20 March 2013

"we in the mud"

check out this awesome article about Zach Randolph and Marc Gasol.

"It's amazing how from when I got here to where we are now," Randolph says. "The fans have embraced us. The city's behind us. The games are crowded and almost sold out. I love this city. I can relate to them. If they trade me tomorrow, I'm still going to be in Memphis. I'm still going to be paying people's utility bills from wherever I'm at. It's always going to be my city." 

 For Gasol, this is the only way it can be. 

 "I don't think there's another way to play basketball," he says. "When you play in a city, you have to play for the people that are there. You're representing them everywhere you go. When you play in Denver, or L.A., you have Memphis across your chest. 

 I think when you play with that pride and know you're representing people at home, you play with a different mindset. It doesn't matter, it's not about you, it's about your team and the people back home." 

 That's the story of Memphis' rise to a Western power. All heart, grit grind, the blue-collar city with the blue-collar brothers down low.

wiseacre brewing co.

Click here to read this interview with Kellan and Davin Bartosch, some friends of mine who are opening a new brewery in Memphis this year.

I really appreciated the last question in the interview, because Davin's answer touches on an ongoing dialog about craft beer that Kylie and I have been having recently.

 Are you planning to offer tours?

Absolutely. We plan on doing tons of education, because it's extremely important to us. Appreciation and education go hand in hand. This may be a stretch, but take mayonnaise for example. It's really a pretty simple thing, an emulsion of oil and acid. But, if you learn how to make it, and you understand the principles at hand, then you can enjoy an amazing fresh sandwich spread, and you realize that there's much versatility in the world of mayonnaise. Hellmans is just white vinegar and vegetable oil, but you could make it with sherry vinegar and olive oil. You could throw a garlic clove in there. You could make it with lemon juice and peanut oil. You might even go so far as to make it with bacon fat and balsamic vinegar if you wanted something rich. Then you think to yourself, "Holy $@#!, I always liked mayonnaise, but this is the best mayonnaise I have ever had. I can't believe I have been haphazardly coating buns with this stuff and never thinking about what an amazing thing this is. This mayonnaise is an absolutely divine substance." We would love for more people to think about beer like I think of mayo (although it is significantly more scientifically complicated than mayonnaise). That said, I love giving tours. The brewery is a fascinating place and the magic of turning sugar into alcohol is something that should be explained to everyone.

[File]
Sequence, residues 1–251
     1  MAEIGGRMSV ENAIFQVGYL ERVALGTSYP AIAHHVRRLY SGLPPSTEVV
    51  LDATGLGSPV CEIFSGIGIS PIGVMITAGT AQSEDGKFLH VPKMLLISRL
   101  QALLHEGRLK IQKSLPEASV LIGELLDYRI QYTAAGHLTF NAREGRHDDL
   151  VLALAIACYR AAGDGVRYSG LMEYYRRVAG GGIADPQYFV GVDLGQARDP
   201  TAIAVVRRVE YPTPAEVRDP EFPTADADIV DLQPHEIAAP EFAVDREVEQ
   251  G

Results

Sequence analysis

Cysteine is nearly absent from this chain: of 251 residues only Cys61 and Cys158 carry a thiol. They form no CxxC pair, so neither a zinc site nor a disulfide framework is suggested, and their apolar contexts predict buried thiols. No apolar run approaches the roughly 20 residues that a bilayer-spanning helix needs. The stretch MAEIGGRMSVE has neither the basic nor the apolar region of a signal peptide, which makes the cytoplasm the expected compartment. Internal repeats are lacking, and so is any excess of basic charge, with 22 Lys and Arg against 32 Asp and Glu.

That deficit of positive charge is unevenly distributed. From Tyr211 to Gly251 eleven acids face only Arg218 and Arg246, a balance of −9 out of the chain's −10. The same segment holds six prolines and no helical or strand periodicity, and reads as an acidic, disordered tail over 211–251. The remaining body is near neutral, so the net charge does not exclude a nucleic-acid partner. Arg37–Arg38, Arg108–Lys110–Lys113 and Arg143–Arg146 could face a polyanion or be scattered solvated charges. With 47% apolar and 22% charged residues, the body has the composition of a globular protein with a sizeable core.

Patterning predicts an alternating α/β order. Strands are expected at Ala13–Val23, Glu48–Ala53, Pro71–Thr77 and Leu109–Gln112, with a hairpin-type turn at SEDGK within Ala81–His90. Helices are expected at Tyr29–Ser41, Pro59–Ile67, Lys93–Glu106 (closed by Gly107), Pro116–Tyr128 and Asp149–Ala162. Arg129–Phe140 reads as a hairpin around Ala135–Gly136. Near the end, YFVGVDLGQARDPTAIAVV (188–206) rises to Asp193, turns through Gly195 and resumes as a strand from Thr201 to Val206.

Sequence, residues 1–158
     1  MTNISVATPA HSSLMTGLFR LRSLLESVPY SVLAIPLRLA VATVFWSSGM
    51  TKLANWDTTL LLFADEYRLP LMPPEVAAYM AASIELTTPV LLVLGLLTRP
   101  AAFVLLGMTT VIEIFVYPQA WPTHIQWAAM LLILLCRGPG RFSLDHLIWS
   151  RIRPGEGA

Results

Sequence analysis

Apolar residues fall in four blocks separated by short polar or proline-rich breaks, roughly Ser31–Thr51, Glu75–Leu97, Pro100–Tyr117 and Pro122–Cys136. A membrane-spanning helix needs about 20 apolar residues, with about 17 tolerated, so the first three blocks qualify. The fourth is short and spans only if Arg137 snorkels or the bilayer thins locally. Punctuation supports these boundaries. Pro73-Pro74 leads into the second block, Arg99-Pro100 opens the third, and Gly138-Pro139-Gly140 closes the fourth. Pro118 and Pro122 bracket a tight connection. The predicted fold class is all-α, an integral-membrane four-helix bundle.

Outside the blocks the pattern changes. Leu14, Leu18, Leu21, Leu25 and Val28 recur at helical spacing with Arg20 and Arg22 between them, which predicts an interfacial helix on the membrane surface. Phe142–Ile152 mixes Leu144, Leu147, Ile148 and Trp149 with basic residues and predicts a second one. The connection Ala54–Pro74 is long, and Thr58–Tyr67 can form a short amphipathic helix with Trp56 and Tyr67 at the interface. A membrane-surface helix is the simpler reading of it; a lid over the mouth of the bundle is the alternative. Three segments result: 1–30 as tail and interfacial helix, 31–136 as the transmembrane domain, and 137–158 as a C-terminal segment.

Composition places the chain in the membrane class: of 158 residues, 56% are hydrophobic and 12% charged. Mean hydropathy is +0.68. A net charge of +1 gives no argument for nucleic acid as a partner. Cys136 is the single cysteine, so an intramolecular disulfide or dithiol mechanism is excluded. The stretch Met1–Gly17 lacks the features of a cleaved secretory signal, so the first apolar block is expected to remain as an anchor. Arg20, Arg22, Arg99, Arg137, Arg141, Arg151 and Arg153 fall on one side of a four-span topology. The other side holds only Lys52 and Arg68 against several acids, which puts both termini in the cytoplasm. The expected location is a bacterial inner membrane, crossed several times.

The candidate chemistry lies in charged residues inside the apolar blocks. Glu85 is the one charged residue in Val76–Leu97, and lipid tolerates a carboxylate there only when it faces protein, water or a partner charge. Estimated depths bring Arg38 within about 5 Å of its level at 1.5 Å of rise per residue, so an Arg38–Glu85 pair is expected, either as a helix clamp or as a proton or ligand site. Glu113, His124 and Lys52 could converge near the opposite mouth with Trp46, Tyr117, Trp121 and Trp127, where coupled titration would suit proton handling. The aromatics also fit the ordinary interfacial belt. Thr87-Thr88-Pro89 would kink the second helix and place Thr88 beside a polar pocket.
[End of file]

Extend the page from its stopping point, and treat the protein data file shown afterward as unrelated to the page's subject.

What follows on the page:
better than adam from girls

nick from new girl

rilo kiley - let me back in

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